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Last Updated: Friday, 6 April 2007, 11:32 GMT 12:32 UK
Deadlock in N Korea funds talks
Spent nuclear fuel rods at Yongbyon facility in North Korea
North Korea agreed to shut down the Yongbyon reactor by 14 April
Talks on releasing frozen North Korean funds have ended without agreement, casting doubt that a deadline in the disarmament process will be met.

US envoys were meeting Korean officials and banking experts in Beijing to try to facilitate the return of the funds.

Until it gets the money back, Pyongyang is refusing to take steps to implement a landmark deal signed in February.

Under the deal the North agreed to shut its main nuclear reactor in 60 days, which is now only eight days away.

Earlier this week China's nuclear negotiator Wu Dawei said the deadline was unlikely to be met because of the funding dispute.

Analysts say that now the latest negotiations on the issue have failed to find a solution, reaching this deadline looks even more uncertain.

But the US delegates at the Beijing discussions - led by senior US Treasury official Daniel Glaser - have not given up hope yet.

"We believe that it is possible to meet the 60-day deadline and are working with the other parties to accomplish that goal," said Susan Stevenson, a US Embassy spokeswoman in Beijing.

"Our discussions and common efforts with all parties continue," she said.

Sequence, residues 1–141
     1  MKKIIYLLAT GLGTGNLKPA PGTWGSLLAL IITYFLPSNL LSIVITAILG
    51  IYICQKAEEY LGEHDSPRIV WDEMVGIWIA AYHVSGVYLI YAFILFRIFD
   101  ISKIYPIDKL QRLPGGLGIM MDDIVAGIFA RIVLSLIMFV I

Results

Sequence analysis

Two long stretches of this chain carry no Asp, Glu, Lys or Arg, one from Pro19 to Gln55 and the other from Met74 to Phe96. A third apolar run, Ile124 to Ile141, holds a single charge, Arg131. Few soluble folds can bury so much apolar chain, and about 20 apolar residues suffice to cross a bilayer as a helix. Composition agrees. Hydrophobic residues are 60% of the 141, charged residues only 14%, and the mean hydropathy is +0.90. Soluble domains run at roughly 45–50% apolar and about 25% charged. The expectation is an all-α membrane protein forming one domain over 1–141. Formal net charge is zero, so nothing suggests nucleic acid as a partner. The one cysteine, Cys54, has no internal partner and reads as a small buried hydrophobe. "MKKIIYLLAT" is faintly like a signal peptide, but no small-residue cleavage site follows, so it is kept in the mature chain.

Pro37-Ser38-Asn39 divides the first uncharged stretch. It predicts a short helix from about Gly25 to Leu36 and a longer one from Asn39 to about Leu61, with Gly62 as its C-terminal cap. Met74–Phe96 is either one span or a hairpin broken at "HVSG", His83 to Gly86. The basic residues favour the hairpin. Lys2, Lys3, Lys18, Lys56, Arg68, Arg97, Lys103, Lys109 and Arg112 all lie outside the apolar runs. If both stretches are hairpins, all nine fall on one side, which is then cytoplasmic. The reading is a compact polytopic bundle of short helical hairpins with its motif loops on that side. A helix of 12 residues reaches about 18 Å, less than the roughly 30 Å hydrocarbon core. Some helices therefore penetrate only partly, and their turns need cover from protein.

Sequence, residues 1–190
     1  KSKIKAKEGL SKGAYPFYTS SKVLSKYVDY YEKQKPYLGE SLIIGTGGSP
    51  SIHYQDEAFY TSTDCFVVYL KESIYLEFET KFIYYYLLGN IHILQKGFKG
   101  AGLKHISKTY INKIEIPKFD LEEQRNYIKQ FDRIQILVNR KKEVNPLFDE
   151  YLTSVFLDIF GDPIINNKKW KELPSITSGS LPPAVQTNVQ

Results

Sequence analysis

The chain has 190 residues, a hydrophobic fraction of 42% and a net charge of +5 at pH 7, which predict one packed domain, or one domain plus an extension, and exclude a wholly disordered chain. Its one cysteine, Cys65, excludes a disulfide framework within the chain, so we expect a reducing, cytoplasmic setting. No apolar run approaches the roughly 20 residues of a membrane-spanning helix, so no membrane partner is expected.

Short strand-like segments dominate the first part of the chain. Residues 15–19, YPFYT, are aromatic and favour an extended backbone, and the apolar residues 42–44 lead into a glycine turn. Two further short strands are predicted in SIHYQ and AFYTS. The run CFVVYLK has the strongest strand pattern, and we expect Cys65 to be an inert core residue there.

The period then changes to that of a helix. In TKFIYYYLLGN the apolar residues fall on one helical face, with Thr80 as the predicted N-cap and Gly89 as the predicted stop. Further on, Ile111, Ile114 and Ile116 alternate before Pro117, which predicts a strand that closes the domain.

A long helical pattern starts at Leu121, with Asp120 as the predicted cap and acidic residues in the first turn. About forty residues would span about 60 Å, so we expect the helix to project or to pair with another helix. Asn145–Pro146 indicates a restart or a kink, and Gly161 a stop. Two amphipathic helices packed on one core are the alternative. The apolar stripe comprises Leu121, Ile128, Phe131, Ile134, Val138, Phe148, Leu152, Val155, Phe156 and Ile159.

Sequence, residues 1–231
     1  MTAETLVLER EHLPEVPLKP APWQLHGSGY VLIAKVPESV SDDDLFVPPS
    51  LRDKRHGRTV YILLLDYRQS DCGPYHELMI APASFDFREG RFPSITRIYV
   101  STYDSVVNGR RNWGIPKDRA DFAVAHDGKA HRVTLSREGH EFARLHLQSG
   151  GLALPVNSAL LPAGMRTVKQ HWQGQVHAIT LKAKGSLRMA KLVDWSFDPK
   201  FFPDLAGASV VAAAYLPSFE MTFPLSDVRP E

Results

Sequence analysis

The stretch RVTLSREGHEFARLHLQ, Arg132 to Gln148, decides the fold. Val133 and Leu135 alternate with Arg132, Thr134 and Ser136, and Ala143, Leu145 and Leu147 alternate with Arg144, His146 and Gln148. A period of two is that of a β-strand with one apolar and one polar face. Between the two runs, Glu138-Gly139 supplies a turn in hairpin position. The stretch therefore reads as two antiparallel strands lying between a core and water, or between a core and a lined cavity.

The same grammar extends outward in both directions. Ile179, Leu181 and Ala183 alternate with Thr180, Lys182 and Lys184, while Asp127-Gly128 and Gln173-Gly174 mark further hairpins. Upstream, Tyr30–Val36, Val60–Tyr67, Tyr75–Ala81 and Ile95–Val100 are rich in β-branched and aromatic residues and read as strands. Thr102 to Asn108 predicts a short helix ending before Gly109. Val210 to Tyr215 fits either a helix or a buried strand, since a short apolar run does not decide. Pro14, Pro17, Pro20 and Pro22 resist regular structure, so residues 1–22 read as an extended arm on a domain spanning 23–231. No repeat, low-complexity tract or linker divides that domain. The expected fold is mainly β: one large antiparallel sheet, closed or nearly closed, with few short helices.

'Technical problems'

Under the landmark 13 February deal, the US, China, South Korea, Japan and Russia jointly agreed to supply energy aid and other incentives to North Korea if it "shut down and sealed" its main nuclear reactor at Yongbyon.

N KOREA NUCLEAR DEAL
map
N Korea to 'shut down and seal' Yongbyon reactor, then disable all nuclear facilities
In return, will be given 1m tonnes of heavy fuel oil
N Korea to invite IAEA back to monitor deal
Under earlier 2005 deal, N Korea agreed to end nuclear programme and return to non-proliferation treaty
N Korea's demand for light water reactor to be discussed at "appropriate time"

The agreement was designed as the first step in a wider deal that would lead eventually to North Korea completely giving up its nuclear activities.

But problems soon emerged over some $25m (13m) of funds held in a Macau bank.

The US said on 14 March that it had completed an investigation into money-laundering allegations against the bank, allowing for the money to be transferred to a North Korean account in China.

But the transfer has still not taken place, and Pyongyang refuses to discuss the disarmament deal until it receives the funds.

Officials say "technical problems" are delaying the money transfer.






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